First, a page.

Tuesday, 7 February 2012

Ivy based subproject as maven module

I have previously written about the challenges of integrating an Ivy based subproject (like the play framework) into a build that is otherwise Maven based. After some work it is now working although the support feels a bit rudimentary.Here are the highlights on how to make it work

Saturday, 14 January 2012

Why use the Hudson jobcreator tool?

It might seem very counter intuitive to start using Hudson's XML format to manage Hudson  jobs when it has such a great web interface, especially since it is the web interface which has made Hudson so approachable and easy to use.

Don't get me wrong. I still love the web interface and think it is the right way to get people to use the tool, however I also think there comes a time when you outgrow the web interface and this is why I built the jobcreator tool.

These are the requirements and issues that caused me to outgrow the web interface:

Manual changes doesn't scale
Using the web interface to make changes to individual jobs is very easy, but it doesn't really scale if you need to change a lot of jobs on the same time. One example could be changing the git branch from "master" to a release branch for all the jobs related to a environment, Such a change could involve upwards of 30 jobs.

Another example could be that there are changes to the content and/or structure of the jobs and those must be propagated up through the environments in sync with project code.This would be even more manual changes.

Managing this with manual changes in the web interfaces introduces a big risk for human error and inconsistencies.

Hudson jobs are code
If you want to be able to reproduce a build or deployment at a later time it is important that you can also reproduce the Hudson jobs. In order to do this you need to store and version your Hudson job configurations.

This is naturally best done in a SCM like Git or Subversion. Doing so also gives you the option to do branched development of your jobs.

Testing and more than one Hudson instance.
Before making changes to the jobs being actively used the changes should naturally be tested somewhere. This normally means creating the same set of jobs somewhere else or targeted towards a different environment.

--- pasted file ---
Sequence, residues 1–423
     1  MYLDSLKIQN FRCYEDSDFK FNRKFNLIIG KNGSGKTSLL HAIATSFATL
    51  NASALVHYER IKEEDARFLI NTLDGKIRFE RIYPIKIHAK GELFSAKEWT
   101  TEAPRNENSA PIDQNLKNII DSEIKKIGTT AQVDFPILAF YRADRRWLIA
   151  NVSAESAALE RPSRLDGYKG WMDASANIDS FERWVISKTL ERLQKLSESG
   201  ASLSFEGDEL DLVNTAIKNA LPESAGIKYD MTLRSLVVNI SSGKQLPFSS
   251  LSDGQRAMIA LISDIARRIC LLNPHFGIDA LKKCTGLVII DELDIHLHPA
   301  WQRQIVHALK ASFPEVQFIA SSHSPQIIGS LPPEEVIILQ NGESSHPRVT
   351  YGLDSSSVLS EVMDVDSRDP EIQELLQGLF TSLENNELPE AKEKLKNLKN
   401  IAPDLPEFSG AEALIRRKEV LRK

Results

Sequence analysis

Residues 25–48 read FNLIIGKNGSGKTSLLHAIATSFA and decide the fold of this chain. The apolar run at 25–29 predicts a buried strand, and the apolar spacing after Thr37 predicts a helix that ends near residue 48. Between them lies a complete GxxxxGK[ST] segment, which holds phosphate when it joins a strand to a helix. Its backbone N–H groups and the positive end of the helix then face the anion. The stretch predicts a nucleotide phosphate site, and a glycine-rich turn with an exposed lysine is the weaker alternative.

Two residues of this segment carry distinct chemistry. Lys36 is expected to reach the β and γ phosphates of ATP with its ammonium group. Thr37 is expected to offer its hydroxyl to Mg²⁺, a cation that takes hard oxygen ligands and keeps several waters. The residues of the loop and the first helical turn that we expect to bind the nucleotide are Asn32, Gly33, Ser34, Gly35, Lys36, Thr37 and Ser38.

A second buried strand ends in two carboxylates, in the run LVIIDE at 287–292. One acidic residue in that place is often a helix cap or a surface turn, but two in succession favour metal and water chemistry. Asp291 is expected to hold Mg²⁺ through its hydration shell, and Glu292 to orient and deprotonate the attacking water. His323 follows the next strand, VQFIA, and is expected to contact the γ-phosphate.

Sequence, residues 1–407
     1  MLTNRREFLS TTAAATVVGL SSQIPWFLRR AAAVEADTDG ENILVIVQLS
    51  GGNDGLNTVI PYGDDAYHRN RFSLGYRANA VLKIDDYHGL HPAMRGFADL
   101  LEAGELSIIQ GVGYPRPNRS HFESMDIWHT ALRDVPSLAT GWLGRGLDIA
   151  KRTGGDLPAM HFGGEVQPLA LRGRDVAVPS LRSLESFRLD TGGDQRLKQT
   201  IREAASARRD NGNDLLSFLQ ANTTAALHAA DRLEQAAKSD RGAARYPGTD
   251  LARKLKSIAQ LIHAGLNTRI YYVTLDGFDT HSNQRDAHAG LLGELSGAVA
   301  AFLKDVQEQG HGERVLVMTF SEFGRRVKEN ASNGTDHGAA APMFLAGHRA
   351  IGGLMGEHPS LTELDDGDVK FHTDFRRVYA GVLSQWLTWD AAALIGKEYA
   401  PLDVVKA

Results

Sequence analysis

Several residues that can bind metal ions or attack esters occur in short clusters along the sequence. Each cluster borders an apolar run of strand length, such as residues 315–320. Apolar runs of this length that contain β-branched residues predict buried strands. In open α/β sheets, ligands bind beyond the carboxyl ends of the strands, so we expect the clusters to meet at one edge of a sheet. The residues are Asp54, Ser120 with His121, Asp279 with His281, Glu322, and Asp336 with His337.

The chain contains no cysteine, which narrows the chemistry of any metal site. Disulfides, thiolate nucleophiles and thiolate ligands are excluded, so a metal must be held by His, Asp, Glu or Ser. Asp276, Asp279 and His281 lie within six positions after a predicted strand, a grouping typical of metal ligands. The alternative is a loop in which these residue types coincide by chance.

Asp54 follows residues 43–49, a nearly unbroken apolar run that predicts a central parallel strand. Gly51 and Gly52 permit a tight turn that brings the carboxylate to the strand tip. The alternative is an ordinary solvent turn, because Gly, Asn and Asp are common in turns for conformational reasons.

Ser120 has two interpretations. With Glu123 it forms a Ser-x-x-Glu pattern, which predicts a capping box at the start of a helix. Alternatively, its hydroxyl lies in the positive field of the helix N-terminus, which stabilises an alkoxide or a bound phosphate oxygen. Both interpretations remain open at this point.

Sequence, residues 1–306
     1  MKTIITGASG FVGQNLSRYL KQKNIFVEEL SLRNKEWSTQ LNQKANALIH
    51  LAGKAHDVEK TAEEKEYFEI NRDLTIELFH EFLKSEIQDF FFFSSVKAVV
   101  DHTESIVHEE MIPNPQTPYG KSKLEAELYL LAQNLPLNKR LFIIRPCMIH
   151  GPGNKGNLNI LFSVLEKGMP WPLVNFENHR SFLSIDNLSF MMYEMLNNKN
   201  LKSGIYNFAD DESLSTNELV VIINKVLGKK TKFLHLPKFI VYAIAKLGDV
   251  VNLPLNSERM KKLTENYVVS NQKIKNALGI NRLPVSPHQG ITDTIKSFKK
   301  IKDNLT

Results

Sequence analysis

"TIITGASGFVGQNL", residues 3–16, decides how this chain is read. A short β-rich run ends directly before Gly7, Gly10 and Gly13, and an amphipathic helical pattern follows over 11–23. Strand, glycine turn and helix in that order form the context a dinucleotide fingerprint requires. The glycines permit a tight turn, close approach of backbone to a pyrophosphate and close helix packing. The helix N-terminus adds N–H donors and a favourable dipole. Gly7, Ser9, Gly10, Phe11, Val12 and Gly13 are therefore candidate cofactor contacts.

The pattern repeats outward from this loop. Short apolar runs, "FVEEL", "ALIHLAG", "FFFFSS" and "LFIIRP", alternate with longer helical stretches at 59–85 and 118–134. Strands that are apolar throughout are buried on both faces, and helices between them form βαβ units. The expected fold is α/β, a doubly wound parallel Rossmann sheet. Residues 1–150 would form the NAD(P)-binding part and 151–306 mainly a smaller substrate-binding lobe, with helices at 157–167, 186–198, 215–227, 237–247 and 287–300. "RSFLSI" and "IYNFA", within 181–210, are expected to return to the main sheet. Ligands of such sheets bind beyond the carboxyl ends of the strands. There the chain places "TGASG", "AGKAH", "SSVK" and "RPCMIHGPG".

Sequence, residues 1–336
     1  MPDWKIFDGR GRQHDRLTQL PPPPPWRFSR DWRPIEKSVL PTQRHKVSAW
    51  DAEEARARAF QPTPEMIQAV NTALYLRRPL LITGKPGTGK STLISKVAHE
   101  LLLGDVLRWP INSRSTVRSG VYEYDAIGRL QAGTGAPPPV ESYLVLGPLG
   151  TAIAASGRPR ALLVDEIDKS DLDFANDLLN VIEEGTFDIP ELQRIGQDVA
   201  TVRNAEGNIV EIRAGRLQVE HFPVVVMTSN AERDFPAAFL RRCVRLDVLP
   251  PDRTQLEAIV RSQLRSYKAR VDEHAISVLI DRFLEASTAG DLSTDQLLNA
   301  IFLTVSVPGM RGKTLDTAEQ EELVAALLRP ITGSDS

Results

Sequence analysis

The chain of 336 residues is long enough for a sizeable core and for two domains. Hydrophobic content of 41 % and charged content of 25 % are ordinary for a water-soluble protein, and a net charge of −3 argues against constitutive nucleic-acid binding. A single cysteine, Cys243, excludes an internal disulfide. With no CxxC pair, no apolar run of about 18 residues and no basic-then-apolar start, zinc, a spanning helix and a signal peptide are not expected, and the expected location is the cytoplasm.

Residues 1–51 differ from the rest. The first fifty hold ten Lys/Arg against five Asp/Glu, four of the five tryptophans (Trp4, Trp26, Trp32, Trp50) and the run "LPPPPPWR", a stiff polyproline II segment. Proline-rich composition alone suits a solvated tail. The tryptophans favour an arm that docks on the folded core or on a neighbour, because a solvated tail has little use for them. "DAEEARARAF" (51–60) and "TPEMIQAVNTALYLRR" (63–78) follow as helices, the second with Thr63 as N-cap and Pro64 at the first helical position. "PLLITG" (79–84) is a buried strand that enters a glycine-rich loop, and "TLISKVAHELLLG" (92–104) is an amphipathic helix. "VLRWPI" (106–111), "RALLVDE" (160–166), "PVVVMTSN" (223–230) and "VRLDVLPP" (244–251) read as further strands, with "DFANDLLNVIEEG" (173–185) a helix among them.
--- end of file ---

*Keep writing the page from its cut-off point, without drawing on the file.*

Having the jobs defined as templates makes it easy for a developer to load the jobs into a private Hudson instance to experiment or share it on the testing instance.

Overall
Of course Hudson can be managed via the web interface, but for me it is just another step in the automation.

Friday, 13 January 2012

Announcing the Hudson job creator tool.

I have finally had the chance to pull together the last changes before announcing the first version of the Hudson Job Creator tool.

The idea behind the tool is that you can write FreeMarker based templates and combine those with properties defined in a "pipeline" specification in order to generate Hudson's job config.xml files.
This is mainly useful if you maintain a number of similar jobs, or have a series of jobs that you need to specify for multiple environments.

I know working with Hudson's xml files directly can seem counter intuitive since one of Hudson's main strengths is its approachability and easy to use web interface, so later this week I will post a more in depth blog post
explaining why I chose to go this route.

All the information about the tool including download is available on github, https://github.com/hudson-plugins/jobcreator-tool .

Sunday, 8 January 2012

Maven bug fixed making Hudson's Maven3 integration much more useful

Back in July when I reviewed the Maven3 integration in Hudson 2.1, I made a point regarding it not working when doing a maven release. As written back then the cause is a Maven bug (release:prepare does not pass argument "--settings" with current settings.xml to inner maven).

This bug has now been fixed and a new version of the release plugin has been released. So if you update the release plugin to version 2.2.2, Hudson's maven3 integration will now work for releases also.